Have you ever tried to repair a car without instructions? Or, worse yet, tried to repair an international car without the right tools?
Repairing a car can be difficult without the right tools. Attempting to repair an international car is more challenging. But with the right specialty tools, repairing any European car is enjoyable.
If you’re a mechanic or enthusiast looking for Fiat specialty tools, you’ve come to the right place. Read on and learn why the right tools make a difference.
Fiat Specialty Tools
When looking to maintain or restore Fiats, the best place to start is with a diagnostic kit. The Hella Gutmann Mega Macs PC is a specialty tool that turns your PC into a diagnostics station. The software works on laptops and tablets, and best of all, it reads Fiat data.
The specialty tool is ideal for anyone wanting to conduct a professional diagnostic. It also works on Audi, BMW, Jaguar, Mercedes, Porsche, Saab, Volkswagen, and several other European cars.
Car manufacturers know their cars best and the required tools to repair them easily. Many companies have built their own tools. While others have outsourced the manufacturing of those tools according to their specifications.
The outsourced tools are made based on actual parts provided by the original equipment manufacturer. That guarantees that the tools work perfectly with the parts. This also empowers the companies to create any specialty tools that make the repair job easier for any given car.
Read the Codes
Buying a Fiat diagnostic tool doesn’t tell you how to fix the problem. It only provides a trouble code, or several, to kickstart your diagnostic efforts. For instance, when your engine light turns on, data flows to the computer.
You need a code reader to determine what the sensors are informing you of. In brief, the check engine light indicates that a sensor in your engine, exhaust, or transmission has an issue. Then again, it could be a bad sensor or a wiring issue.
You won’t know the area to work on until you read the code or codes.
OBD-I vs. OBD-II
Cars produced with computerized controls before 1996 use OBD-I. Since few cars shared a common language, these cars require concrete diagnostic equipment—cars produced after 1996 use OBD-II, a standardized system.
For instance, let’s say your car data gives you a P029F code. This is a generic code that all makes and models use. The reading means the fuel trim in cylinder 2 reached its minimum control limit.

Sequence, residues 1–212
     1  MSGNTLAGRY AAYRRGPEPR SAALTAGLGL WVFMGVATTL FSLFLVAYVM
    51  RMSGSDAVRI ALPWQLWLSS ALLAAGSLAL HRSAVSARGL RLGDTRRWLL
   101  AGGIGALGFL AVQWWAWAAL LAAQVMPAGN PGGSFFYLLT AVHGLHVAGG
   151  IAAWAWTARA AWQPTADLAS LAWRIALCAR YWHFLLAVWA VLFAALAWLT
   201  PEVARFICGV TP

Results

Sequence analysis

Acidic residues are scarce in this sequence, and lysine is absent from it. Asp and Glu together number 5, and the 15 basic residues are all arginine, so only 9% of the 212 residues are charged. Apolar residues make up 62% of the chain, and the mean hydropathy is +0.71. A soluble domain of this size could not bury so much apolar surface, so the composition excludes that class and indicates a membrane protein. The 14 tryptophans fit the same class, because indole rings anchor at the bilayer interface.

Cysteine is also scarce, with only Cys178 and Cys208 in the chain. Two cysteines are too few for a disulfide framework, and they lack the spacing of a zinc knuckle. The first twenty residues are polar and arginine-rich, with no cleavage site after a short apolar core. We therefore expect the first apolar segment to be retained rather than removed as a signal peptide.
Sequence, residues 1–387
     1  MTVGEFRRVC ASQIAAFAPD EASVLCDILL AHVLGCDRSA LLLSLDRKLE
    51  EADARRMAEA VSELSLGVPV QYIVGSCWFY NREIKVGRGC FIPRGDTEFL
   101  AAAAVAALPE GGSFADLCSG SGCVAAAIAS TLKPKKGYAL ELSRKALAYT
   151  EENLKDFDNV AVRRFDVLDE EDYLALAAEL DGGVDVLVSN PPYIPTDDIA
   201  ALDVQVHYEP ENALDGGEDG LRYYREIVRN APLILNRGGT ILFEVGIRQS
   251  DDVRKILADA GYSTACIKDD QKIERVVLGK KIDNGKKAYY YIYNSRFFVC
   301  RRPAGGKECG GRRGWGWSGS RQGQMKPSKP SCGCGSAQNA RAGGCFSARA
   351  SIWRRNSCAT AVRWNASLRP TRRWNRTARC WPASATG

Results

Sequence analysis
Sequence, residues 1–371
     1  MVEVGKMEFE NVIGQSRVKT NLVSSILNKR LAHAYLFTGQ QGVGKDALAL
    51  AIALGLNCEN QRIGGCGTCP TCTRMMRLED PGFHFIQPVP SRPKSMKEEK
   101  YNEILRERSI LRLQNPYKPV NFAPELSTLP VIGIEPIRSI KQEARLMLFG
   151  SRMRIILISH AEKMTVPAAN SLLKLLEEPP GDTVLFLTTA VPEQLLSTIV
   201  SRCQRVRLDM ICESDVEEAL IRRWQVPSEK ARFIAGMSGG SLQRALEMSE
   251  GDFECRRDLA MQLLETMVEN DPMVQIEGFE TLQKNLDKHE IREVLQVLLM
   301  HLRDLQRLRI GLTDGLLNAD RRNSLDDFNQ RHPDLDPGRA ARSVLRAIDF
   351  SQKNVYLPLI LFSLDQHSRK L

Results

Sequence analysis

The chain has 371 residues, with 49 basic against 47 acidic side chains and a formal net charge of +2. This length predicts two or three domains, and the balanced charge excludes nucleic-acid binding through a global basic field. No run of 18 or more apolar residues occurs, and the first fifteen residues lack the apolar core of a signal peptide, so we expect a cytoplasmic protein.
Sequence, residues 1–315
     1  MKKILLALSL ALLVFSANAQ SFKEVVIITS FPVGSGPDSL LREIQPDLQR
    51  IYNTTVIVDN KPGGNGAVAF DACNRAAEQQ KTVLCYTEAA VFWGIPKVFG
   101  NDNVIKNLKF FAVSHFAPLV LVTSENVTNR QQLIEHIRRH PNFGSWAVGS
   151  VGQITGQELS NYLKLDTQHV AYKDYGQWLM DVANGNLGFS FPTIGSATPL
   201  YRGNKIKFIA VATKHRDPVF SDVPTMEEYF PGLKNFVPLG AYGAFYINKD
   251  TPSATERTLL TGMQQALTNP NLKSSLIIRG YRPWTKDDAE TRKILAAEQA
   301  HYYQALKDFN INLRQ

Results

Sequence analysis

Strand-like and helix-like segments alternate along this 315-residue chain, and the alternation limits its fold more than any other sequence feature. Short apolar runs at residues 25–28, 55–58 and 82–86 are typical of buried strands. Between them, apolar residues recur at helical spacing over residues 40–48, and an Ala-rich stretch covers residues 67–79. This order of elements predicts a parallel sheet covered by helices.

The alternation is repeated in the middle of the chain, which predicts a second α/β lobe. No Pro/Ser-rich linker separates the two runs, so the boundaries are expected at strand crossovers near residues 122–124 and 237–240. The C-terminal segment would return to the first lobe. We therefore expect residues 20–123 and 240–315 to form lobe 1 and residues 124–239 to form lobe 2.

The P029F is the same code for a Fiat, Ford, or many other cars. The P1118 code for a Fiat refers to the diesel pressure control. But for a Ford, it refers to a manifold absolute temperature circuit with low input.
Breakdown the Code
The first digit is one of the following:
- P (powertrain)
- B (body)
- C (chassis)
- N (network)
The second digit tells you if the OBD-II code is manufacturer exclusive (1) or generic (0).
The third digit pinpoints the system as follows:
- 1 (fuel and air metering)
- 2 (fuel and air injector circuit)
- 3 (ignition)
- 4 (auxiliary emission control)
- 5 (vehicle speed and idle control systems)
- 7, 8, or 9 (transmission)
- A, B or C (hybrid propulsion).
The fourth digit represents a specific description of the problem. These are numbered sequentially starting at “00”.
There are thousands of OBD-II codes. This makes owning the right specialty diagnostic tool valuable.
Plugging in the Diagnostic Tool
OBD-I systems did not follow any location protocols. The connector was placed wherever someone felt it would be convenient based on the car’s make and model. Some were placed under the dashboard, near a fuse block, or in the engine compartment.
The OBD-I connectors were also a variety of sizes and shapes.
The OBD-II connectors were located under the dashboard to the left of the steering column. While the connector in some cars was further back than others, the general area was more consistent than the OBD-I. However, there are a few located behind a panel or covered with a plug.
The connector was configured with two rows of eight pins. The actual shape of the connector was diagramed in the owner’s manual.
Using a Code Reader
With the car off, the connector is carefully fitted into its slot. This is a snug fit that should not be forced, as the pins might break. Once secure, the ignition key is turned on to power the code reader.
A simple device will receive the high-level codes. A professional diagnostic system will take the process to the next level. The system might require more information like the VIN, type of engine, or other detail-producing information.
A full diagnostic system will read the codes and give you the option to read the other data. Some systems will even provide you troubleshooting procedures.
For instance, a simple code reader gives you a P0401. You look it up and learn that there is a fault in one of the oxygen sensor heater circuits. A full diagnostic system clarifies that the malfunction is in bank one sensor two.
At this point, you determine that the problem is either a malfunctioning heater element or a wiring issue. So, you check the heater element’s resistance, and if it is not within specs, then replacing the oxygen sensor should fix the issue.
If it is within specs, you check the wiring. If you didn’t find a problem with the wiring, you would continue in your standard troubleshooting manner.
Simplify with the Best
The bottom line is that buying specialty Fiat tools gives you an edge over quality issues and reduces your efforts. The key is knowing how to find Fiat tools. One of the best sources has been around since 1959.
Contact us at Baum Tools Unlimited, Inc. to learn more about the Fiat mechanic tools we stock. Our goal is to simplify your workload with the right tools that get the job done. Also, check out our blog to learn more about working on Fiats.